For a region where those acknowledging Asian heritage outnumber Maori by two to one, and those of European ancestry by almost ten to one, it is difficult to understand how elected councillors could impose such a radical cultural agenda onto the council and the city, without feeling duty-bound to outline it and campaign on it, before they were elected.

However, with local government elections scheduled for next year, ratepayers will have the opportunity to encourage people with the courage to oppose such divisive cultural extremism, to stand as candidates on a platform of reversing the changes......

.....Local government’s industry body, Local Government New Zealand, is also no stranger to activism. As we have already seen, LGNZ has been driving a campaign to undermine local body democracy through a proposed law change that would prevent local communities from being able to call for a referendum if their council decides to introduce Maori wards.

The argument being used by LGNZ, that petition rights over Maori wards are discriminatory, is a lie. Petition rights were originally introduced for Maori wards because a race-based electoral roll is required, and by convention, any changes involving the electoral system – at either central or local government level – are constitutional in nature and have referendum rights attached.

To perpetuate the lie that petition rights are only there to discriminate against Maori, demonstrates a fanaticism within LGNZ that is extremely disturbing......

Read Dr Muriel Newman’s full NZCPR newsletter here > https://www.nzcpr.com/local-government-activism/#more-26752


Amongst those campaigning for the establishment of Maori wards are supporters of Maori sovereignty. Through their fraudulent claim of Treaty partnership with the Crown, they are pushing for the tribal co-governance of local authorities.

Not content with accepting the voice of democracy, these radicals are now attempting to change the law. They want to prevent locals from having the right to call for a referendum to challenge the introduction of Maori wards by removing direct democracy petition rights from the Local Electoral Act.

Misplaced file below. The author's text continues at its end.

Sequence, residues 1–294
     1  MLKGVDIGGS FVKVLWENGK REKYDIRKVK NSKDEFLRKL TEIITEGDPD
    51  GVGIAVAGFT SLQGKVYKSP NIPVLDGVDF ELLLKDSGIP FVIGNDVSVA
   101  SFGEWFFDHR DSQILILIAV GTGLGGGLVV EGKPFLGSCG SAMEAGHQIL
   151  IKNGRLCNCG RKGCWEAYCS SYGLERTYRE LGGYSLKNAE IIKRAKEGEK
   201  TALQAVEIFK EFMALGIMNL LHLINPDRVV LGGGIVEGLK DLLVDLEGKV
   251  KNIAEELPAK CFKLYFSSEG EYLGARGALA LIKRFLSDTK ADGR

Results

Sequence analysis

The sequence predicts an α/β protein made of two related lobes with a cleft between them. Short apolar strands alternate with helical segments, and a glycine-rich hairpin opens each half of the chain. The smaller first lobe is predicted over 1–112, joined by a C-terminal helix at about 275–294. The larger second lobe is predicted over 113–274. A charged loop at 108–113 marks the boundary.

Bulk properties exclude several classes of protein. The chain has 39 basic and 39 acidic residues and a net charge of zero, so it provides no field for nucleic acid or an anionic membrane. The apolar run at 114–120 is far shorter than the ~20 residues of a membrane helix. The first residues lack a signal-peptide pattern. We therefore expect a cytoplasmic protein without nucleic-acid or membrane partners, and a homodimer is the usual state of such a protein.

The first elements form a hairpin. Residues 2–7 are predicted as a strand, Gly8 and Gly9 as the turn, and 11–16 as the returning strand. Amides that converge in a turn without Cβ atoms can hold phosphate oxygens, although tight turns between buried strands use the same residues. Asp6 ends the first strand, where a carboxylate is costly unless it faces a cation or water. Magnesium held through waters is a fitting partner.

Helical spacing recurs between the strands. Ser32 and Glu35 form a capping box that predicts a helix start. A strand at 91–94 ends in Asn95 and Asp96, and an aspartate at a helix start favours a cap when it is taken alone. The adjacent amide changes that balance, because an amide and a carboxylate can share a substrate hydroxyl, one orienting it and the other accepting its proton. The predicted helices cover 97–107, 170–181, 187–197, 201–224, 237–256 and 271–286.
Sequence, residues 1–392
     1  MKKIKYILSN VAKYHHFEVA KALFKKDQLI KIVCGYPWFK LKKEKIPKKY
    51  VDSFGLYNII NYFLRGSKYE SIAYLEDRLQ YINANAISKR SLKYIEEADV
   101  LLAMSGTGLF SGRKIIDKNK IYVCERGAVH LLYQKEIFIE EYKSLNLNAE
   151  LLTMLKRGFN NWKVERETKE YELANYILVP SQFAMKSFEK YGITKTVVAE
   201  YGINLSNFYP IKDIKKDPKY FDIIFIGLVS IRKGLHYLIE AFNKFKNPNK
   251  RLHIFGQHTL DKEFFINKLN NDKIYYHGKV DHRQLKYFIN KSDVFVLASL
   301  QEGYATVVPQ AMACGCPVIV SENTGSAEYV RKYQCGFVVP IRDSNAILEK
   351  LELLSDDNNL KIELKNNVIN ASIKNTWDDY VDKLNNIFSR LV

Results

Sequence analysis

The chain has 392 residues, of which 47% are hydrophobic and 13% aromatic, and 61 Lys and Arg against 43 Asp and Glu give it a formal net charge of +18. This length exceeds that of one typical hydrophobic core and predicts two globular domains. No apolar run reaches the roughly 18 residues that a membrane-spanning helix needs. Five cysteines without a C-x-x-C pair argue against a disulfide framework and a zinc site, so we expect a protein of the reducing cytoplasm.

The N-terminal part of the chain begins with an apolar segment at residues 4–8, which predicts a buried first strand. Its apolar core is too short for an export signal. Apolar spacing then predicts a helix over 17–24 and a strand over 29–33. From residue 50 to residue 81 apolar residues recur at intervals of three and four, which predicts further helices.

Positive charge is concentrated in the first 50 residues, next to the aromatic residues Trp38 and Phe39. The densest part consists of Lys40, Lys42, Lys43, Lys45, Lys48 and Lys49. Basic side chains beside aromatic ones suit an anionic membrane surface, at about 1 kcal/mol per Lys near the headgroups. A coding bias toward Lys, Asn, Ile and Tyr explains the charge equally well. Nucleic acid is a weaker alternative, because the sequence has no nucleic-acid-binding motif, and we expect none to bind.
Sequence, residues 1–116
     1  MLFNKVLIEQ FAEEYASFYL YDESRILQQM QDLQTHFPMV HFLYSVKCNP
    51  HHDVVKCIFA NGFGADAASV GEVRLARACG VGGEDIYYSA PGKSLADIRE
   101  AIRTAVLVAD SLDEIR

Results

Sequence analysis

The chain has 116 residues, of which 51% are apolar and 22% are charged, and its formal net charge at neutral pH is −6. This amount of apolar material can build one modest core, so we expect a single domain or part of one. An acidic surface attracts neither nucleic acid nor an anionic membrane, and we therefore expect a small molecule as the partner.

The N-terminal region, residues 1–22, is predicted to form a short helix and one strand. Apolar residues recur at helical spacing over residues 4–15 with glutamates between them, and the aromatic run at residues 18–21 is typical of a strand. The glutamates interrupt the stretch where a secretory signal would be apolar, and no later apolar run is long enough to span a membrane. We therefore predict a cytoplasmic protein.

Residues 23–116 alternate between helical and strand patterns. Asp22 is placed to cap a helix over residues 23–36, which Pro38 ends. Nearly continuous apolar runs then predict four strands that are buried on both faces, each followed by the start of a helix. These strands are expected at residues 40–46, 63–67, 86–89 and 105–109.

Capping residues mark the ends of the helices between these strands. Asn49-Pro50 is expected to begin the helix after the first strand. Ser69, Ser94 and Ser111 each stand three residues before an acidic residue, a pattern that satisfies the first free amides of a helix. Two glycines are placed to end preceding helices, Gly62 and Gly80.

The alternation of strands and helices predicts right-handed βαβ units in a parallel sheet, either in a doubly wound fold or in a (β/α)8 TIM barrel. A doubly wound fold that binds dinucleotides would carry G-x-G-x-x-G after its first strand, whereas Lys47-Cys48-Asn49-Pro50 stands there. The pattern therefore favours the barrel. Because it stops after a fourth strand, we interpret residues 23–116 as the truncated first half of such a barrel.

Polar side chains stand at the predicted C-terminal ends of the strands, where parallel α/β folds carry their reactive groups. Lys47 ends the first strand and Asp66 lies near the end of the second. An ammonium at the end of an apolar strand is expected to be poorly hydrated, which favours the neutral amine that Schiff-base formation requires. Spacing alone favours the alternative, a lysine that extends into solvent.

The activists’ strategy has been to persuade people in influential positions to support their call for a law change.

Astonishingly, they have even managed to convince Local Government New Zealand – the body that represents the country’s 78 local authorities – to back their cause, even though LGNZ could be expected to be a stalwart in defending local democracy, not campaigning against it.

The former Mayor of New Plymouth, Andrew Judd, has become a fanatical advocate for removing direct democracy Maori ward petition rights, to the point where he claims anyone voting against Maori wards is racist.

The Greens co-leader, Marama Davidson, whose Private Member’s Bill to remove these petition rights was defeated in 2017, has made it into a key priority for her Party. Local Government Minister, Nanaia Mahuta, and the Crown-Maori relations Minister Kelvin Davis, have become government cheerleaders for this elitist agenda.

The justification being used by advocates pushing for a law change is that petition rights over the creation of Maori wards are a discriminatory ‘loophole’ in the law, since if a council decides to change ward boundaries or create other new wards, poll provisions do not apply.

LGNZ used this argument in an open letter to the Government back in March, when it called for a law change: “these poll provisions apply only to the establishment of Maori wards. That they do not apply to other wards marks the provision as discriminatory to Maori and inconsistent with the principle of equal treatment enshrined in the Treaty of Waitangi. Either the poll provisions should apply to all wards or they should apply to none. The discriminatory nature of these polls is not acceptable.”

But since their argument does not tell the whole story, let’s set the record straight on petition rights......

Dr Muriel Newman sets the record straight on petition rights in her latest NZCPR newsletter here > https://www.nzcpr.com/race-based-democracy-opposed/#more-26298


The Craggy Range walking track debacle is an excellent example of why iwi tribal groups should have no more power than the rest of society......